90th Anniverary of the Somme

Discussion in 'World War I' started by syscom3, Jun 30, 2006.

  1. syscom3

    syscom3 Pacific Historian

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    Less we forget, July 1st is the 90th anniverary of that hellish battle.

    ....the British suffered 57,470 casualties, including 19,240 dead — the bloodiest day in the history of the British Army.....

    Yikes!!!!!! Thats like taking almost all the casualties in the fight for Normandy and putting them into one days slaughter.

    BBC - History - Battle of the Somme: 1 July - 13 November 1916

    "Battle of the Somme: 1 July - 13 November 1916

    Intended to be a decisive breakthrough, the Battle of the Somme instead became a byword for futile and indiscriminate slaughter, with General Haig's tactics remaining controversial even today.

    The British planned to attack on a 24km (15 mile) front between Serre, north of the Ancre, and Curlu, north of the Somme. Five French divisions would attack an 13km (eight mile) front south of the Somme, between Curlu and Peronne. To ensure a rapid advance, Allied artillery pounded German lines for a week before the attack, firing 1.6 million shells. British commanders were so confident they ordered their troops to walk slowly towards the German lines. Once they had been seized, cavalry units would pour through to pursue the fleeing Germans.

    However, unconcealed preparations for the assault and the week-long bombardment gave the Germans clear warning. Happy to remain on French soil, German trenches were heavily fortified and, furthermore, many of the British shells failed to explode. When the bombardment began, the Germans simply moved underground and waited. Around 7.30am on 1 July, whistles blew to signal the start of the attack. With the shelling over, the Germans left their bunkers and set up their positions.

    As the 11 British divisions walked towards the German lines, the machine guns started and the slaughter began. Although a few units managed to reach German trenches, they could not exploit their gains and were driven back. By the end of the day, the British had suffered 60,000 casualties, of whom 20,000 were dead: their largest single loss. Sixty per cent of all officers involved on the first day were killed.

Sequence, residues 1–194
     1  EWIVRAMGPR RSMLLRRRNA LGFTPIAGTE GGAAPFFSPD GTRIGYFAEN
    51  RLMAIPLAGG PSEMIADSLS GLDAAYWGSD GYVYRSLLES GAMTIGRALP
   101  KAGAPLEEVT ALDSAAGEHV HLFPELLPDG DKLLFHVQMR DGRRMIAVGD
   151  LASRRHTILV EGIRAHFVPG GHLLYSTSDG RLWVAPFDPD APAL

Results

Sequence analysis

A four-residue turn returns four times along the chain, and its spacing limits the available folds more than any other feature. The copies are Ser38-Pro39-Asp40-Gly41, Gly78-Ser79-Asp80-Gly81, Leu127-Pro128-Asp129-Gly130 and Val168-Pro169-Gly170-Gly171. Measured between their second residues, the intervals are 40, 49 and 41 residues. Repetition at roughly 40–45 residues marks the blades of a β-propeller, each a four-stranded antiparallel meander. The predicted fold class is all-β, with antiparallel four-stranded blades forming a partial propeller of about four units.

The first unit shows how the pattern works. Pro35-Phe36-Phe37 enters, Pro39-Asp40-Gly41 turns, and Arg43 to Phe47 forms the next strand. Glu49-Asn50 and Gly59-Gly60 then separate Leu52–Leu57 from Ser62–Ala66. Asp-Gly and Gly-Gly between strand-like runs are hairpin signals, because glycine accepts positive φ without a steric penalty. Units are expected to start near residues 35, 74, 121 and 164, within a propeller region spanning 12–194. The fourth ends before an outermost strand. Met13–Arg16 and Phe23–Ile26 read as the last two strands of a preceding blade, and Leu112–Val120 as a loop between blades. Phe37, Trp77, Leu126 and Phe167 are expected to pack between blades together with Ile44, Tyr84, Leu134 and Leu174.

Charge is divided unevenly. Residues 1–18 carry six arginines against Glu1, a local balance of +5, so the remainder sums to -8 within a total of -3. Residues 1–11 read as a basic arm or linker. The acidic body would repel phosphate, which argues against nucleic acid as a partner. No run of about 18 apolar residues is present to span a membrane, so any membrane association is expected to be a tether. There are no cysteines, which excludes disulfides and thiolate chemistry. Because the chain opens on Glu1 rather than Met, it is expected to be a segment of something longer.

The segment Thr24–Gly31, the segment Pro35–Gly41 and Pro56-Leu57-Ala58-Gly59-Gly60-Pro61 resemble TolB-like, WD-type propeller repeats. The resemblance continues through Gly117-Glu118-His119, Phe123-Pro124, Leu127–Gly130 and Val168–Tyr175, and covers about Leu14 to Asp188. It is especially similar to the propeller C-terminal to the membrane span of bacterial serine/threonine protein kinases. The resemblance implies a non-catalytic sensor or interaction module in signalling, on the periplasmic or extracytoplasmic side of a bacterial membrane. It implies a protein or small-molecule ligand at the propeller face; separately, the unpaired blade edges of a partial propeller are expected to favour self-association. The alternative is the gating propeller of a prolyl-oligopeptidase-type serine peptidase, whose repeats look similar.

It was a baptism of fire for Britain's new volunteer armies. Many 'Pals' Battalions, comprising men from the same town, had enlisted together to serve together. They suffered catastrophic losses: whole units died together and for weeks after the initial assault, local newspapers would be filled with lists of dead, wounded and missing.

    The French advance was considerably more successful. They had more guns and faced weaker defences, yet were unable to exploit their gains without British backup and had to fall back to earlier positions.

    With the 'decisive breakthrough' now a decisive failure, Haig accepted that advances would be more limited and concentrated on the southern sector. The British took the German positions there on 14 July, but once more could not follow through. The next two months saw bloody stalemate, with the Allies gaining little ground. On 15 September Haig renewed the offensive, using tanks for the first time. However, lightly armed, small in number and often subject to mechanical failure, they made little impact.

    Torrential rains in October turned the battlegrounds into a muddy quagmire and in mid-November the battle ended, with the Allies having advanced only 8km (five miles). The British suffered around 420,000 casualties, the French 195,000 and the Germans around 650,000. Only in the sense of relieving the French at Verdun can the British have claimed any measure of success."
     
  2. pbfoot

    pbfoot Active Member

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    The Royal Newfoundland Regiment sent 790 over the top and 68 answered roll call the next day so in Newfoundland it is Canada Day as well as Rememberance Day quite a loss for place with a population of 200000
     
  3. syscom3

    syscom3 Pacific Historian

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    Werent the small villages and towns west of Toronto and near the US border also hammered hard? I seem to remember a bunch of monuments near the Allan Park and Hannover area in Ontario.
     
  4. pbfoot

    pbfoot Active Member

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    I don't think the Canadians were involved on the 1st day and Newfoundland at the time was not a part of Canada and the destruction of the Newfoundland Regiment hit almost every family Newfoundland
     
  5. Gnomey

    Gnomey World Travelling Doctor
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    Yep, almost 90% casualties were sustained in the assualting divisions. The 1st of July 1916 was the bloodiest day in the British Armies History with 57000 killed or wounded (out of 60000 set over the top).

    :salute:
     
  6. Soundbreaker Welch?

    Soundbreaker Welch? Active Member

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    Horrible.

    Gettysburg on a larger scale.
     
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